Chapter 54: Acute Visual Loss and Double Vision

Chapter 54: Acute Visual Loss and Double Vision is a topic covered in the Harrison's Manual of Medicine.

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Approach to the patient: Acute Visual Loss or Double Vision

Accurate measurement of visual acuity in each eye (with glasses or contact lenses) is of primary importance. Additional assessments include testing of pupils, eye movements, ocular alignment, and visual fields. Slit-lamp examination can exclude corneal infection, trauma, glaucoma, uveitis, and cataract. Ophthalmoscopic examination to inspect the optic disc and retina often requires pupillary dilation using 1% tropicamide and 2.5% phenylephrine; risk of provoking an attack of narrow-angle glaucoma is remote.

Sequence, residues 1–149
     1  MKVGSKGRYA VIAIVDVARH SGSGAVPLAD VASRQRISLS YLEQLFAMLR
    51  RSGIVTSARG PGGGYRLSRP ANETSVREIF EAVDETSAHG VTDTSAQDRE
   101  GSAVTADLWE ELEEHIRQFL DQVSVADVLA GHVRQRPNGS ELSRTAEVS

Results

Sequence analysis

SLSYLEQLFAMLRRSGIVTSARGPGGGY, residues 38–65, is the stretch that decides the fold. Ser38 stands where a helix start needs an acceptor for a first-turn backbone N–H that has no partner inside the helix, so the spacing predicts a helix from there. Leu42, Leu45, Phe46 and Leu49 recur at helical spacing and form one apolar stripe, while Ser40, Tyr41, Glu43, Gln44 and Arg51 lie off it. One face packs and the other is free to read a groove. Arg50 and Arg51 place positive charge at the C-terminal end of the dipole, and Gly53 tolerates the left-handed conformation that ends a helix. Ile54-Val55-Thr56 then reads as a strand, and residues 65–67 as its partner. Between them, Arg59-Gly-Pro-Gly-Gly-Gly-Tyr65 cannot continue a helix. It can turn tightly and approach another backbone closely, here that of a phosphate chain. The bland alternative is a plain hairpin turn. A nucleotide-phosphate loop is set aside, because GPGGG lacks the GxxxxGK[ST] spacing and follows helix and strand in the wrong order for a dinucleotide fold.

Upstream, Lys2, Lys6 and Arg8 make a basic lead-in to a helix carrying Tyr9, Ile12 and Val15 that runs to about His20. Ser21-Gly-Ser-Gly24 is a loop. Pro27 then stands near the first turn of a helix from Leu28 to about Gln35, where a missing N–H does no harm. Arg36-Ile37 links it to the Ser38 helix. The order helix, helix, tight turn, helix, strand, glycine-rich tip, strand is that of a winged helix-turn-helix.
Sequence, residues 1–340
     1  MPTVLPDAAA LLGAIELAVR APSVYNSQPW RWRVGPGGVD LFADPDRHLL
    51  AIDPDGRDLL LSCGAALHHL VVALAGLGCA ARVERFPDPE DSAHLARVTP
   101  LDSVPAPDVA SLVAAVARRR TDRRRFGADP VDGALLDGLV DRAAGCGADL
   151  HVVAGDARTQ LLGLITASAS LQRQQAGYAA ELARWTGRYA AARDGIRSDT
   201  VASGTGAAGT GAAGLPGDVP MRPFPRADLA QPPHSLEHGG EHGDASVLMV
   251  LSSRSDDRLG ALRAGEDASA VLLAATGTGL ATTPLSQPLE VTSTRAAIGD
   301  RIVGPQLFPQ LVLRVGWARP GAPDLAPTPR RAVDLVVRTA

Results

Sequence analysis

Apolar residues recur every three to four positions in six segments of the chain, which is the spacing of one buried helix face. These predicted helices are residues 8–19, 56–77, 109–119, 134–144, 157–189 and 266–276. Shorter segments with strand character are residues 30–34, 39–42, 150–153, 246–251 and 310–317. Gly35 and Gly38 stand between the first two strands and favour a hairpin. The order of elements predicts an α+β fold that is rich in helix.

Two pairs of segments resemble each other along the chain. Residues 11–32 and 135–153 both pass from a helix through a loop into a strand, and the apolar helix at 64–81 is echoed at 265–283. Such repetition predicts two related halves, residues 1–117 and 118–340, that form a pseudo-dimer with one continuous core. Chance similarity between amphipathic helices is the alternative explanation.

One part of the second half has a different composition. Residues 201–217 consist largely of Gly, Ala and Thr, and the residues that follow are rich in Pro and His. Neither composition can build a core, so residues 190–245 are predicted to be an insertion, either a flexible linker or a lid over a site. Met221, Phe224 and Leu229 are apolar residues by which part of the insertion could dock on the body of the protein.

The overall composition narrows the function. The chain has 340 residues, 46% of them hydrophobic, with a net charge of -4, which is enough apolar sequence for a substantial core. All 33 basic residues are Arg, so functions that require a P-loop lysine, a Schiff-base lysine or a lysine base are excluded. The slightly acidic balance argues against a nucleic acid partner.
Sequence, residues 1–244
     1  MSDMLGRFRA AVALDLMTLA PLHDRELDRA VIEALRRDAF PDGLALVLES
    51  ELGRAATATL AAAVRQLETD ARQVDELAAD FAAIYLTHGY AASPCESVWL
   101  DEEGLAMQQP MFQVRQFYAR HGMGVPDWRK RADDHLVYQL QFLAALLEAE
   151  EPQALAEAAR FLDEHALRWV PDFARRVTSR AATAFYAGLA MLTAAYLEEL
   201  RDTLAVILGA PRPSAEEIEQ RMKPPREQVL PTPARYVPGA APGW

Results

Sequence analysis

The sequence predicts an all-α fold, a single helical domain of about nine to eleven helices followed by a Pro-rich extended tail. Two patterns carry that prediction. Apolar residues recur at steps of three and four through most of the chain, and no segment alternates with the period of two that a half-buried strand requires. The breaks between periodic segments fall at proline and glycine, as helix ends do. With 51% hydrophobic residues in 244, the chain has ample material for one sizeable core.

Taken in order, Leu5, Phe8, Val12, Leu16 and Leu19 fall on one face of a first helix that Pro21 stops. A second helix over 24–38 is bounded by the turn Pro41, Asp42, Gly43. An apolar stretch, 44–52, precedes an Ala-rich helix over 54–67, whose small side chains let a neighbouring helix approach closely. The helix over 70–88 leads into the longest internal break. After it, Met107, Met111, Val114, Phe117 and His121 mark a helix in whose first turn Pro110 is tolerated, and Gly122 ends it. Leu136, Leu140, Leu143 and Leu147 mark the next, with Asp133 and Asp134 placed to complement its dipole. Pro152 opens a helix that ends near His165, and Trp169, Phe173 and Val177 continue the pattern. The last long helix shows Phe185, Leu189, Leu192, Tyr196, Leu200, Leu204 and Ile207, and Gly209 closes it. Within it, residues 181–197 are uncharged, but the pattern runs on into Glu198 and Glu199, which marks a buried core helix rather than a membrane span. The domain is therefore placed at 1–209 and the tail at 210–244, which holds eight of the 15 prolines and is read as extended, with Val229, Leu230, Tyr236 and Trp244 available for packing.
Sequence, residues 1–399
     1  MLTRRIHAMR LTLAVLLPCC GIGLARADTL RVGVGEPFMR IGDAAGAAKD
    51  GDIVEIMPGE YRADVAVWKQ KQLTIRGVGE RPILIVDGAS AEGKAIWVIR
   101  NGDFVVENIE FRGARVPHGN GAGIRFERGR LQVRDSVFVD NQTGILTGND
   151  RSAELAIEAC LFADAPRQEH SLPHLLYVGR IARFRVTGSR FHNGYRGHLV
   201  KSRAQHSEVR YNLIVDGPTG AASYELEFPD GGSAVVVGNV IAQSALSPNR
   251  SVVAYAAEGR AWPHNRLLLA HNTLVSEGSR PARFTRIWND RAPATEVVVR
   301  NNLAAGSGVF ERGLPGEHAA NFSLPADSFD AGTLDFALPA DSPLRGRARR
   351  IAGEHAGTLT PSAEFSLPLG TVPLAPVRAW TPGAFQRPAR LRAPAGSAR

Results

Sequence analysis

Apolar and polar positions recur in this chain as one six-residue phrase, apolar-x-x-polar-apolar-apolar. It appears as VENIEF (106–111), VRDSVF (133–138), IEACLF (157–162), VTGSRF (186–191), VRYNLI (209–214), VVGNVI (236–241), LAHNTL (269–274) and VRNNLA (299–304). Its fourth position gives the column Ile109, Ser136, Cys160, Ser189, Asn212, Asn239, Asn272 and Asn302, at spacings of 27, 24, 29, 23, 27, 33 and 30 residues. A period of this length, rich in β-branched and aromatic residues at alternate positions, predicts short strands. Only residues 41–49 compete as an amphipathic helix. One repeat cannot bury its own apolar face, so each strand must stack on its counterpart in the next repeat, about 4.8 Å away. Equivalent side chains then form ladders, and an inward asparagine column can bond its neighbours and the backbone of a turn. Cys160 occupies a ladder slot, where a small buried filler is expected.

Visual field mapping by finger confrontation localizes lesions in the visual pathway (Fig. 54-1); formal testing using a perimeter may be necessary. The goal is to determine whether the lesion is anterior to, at, or posterior to the optic chiasm. A scotoma confined to one eye is caused by an anterior lesion affecting the optic nerve or globe; swinging flashlight test may reveal an afferent pupil defect (APD). History and ocular examination are usually sufficient for diagnosis. If a bitemporal hemianopia is present, lesion is located at optic chiasm (e.g., pituitary adenoma, meningioma). Homonymous visual field loss signals a retrochiasmal lesion affecting the optic tract, lateral geniculate body, optic radiations, or visual cortex (e.g., stroke, tumor, abscess). Neuroimaging is recommended for any pt with a bitemporal or homonymous hemianopia.

FIGURE 54-1
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Deficits in visual fields caused by lesions affecting visual pathways.

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